OECD sees global corporate tax overhaul on track for 2024

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The Secretary General of the Organization for Economic Co-operation and Development (OECD), Mathias Cormann, speaks during a press release after the opening ceremony of the OECD meeting at the Itamaraty Palace in Brasilia, Brazil , June 21, 2022. REUTERS / Adriano Machado

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PARIS, July 11 (Reuters) – The biggest overhaul of cross-border tax rules in a generation is now set to come into force in 2024, the Organization for Economic Co-operation and Development said in an update on Monday. the project for G20 finance ministers. .

The overhaul, led by the OECD and agreed to by nearly 140 countries last year, aims to better take into account the emergence of large digital companies, such as Apple (AAPL.O) and Amazon ( AMZN.O) that can register profits in low-tax countries.

The first pillar of the two-pronged reform aims to reallocate 25% of the profits of the world’s largest multinationals to taxation in the countries where their customers are located, regardless of the physical location of the companies. The second pillar aims to set an overall minimum corporate tax rate of 15%.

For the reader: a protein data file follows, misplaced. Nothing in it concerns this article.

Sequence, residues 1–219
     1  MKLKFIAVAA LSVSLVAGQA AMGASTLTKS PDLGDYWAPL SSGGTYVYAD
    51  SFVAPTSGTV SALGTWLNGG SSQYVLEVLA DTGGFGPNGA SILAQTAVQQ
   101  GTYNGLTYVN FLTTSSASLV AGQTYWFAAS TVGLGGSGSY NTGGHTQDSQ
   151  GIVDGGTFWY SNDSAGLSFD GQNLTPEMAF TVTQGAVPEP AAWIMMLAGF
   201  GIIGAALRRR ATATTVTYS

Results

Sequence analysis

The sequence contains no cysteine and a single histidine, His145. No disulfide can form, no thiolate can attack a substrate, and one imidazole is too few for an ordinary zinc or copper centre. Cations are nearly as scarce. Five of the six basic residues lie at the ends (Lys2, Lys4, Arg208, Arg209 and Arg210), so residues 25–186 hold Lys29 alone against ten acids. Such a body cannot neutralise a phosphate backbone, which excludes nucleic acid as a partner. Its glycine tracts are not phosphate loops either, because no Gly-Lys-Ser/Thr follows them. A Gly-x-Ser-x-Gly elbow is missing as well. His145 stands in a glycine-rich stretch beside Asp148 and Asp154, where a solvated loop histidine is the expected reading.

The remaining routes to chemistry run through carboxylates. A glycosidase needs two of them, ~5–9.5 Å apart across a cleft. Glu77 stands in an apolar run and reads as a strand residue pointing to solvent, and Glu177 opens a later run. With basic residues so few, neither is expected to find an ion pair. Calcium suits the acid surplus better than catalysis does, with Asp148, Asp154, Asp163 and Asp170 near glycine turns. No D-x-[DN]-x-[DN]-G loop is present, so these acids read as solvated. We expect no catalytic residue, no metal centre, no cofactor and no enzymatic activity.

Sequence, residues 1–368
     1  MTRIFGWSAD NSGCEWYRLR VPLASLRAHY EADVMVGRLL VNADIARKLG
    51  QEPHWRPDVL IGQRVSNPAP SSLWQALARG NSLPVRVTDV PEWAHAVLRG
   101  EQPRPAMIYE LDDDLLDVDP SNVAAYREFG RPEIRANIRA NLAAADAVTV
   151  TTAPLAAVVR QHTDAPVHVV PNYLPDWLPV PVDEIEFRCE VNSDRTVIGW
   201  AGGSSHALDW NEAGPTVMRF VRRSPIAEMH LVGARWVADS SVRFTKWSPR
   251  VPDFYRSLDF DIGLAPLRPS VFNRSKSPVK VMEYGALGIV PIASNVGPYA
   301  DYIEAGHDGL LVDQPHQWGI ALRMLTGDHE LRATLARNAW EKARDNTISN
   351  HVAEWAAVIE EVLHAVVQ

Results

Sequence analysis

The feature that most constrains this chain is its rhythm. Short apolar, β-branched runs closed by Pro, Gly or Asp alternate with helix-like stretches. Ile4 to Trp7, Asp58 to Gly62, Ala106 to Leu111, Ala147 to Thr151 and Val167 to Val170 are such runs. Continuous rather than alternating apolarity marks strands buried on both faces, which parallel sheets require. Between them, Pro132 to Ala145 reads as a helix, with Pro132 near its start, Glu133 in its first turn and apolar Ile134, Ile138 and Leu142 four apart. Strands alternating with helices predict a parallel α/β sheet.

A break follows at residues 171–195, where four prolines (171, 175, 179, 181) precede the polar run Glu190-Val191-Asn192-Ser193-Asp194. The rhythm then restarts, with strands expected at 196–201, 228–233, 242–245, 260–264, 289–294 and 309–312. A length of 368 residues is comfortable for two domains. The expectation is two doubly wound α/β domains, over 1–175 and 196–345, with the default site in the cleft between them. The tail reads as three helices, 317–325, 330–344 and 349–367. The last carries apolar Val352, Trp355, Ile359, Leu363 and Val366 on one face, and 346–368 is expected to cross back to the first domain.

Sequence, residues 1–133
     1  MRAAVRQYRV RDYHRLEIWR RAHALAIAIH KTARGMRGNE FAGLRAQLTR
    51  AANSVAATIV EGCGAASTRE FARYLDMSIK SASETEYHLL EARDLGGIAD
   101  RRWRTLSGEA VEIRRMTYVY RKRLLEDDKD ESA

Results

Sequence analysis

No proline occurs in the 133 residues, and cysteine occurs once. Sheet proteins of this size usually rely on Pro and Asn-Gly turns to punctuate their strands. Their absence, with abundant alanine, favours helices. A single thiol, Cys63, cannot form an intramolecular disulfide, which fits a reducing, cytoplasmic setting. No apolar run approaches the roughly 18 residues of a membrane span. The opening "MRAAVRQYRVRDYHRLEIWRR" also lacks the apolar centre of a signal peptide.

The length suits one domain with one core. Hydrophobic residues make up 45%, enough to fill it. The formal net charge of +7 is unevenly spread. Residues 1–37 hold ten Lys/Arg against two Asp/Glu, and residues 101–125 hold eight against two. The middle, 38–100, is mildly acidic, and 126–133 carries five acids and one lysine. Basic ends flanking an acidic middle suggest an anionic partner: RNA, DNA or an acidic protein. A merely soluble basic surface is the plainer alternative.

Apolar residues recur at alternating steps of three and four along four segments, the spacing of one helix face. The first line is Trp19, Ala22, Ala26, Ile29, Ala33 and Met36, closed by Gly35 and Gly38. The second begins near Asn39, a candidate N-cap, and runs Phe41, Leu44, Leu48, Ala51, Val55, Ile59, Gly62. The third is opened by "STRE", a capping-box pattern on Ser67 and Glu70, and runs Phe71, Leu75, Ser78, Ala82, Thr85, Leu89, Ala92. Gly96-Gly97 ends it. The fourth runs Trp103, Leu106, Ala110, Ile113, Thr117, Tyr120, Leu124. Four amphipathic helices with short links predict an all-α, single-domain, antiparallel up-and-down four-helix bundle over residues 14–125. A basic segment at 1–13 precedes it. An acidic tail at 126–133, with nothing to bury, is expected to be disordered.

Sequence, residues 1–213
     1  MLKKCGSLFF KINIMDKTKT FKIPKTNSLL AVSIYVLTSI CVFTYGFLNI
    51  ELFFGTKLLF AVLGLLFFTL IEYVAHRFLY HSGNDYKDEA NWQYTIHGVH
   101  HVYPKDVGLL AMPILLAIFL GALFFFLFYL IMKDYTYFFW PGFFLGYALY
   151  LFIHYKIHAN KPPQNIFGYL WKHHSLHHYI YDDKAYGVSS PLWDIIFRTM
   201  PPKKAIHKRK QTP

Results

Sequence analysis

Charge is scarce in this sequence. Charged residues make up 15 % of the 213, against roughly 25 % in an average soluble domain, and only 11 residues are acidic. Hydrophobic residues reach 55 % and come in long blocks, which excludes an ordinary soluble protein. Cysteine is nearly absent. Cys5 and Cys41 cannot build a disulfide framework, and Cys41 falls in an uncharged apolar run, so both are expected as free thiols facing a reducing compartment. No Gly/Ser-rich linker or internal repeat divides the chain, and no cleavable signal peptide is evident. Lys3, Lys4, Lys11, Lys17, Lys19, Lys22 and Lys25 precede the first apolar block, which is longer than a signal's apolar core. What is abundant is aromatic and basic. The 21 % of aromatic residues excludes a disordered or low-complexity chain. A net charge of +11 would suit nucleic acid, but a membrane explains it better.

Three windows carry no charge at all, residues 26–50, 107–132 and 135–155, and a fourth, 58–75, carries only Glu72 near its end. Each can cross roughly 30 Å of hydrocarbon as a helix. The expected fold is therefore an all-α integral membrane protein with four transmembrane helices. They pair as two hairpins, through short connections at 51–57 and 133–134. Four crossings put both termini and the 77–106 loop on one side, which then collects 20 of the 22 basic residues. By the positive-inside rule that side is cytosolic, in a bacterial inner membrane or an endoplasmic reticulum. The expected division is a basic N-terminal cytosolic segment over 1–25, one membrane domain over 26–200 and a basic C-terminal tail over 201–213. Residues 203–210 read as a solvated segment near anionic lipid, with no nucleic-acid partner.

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Both pillars were originally due to be implemented next year, although this was always seen as very ambitious given the difficulty of coming to terms with complex changes to many countries’ tax laws.

“We will continue to work as quickly as possible to finalize this work, but we will also take all the time necessary to put the rules in place,” OECD Secretary-General Mathias Cormann said in a statement.

“These rules will shape our international tax arrangements for decades to come,” he added.

The OECD said in a report to G20 finance ministers this week in Bali that the new timetable for the first pillar sets a firm deadline of mid-2023 for approval of the multilateral legal framework underpinning it to that it can enter into force in 2024.

In the meantime, he said most countries are considering legislation to adopt the global minimum tax rate so that it also comes into force in 2024.

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Reporting by Leigh Thomas Editing by Tomasz Janowski

Our standards: The Thomson Reuters Trust Principles.

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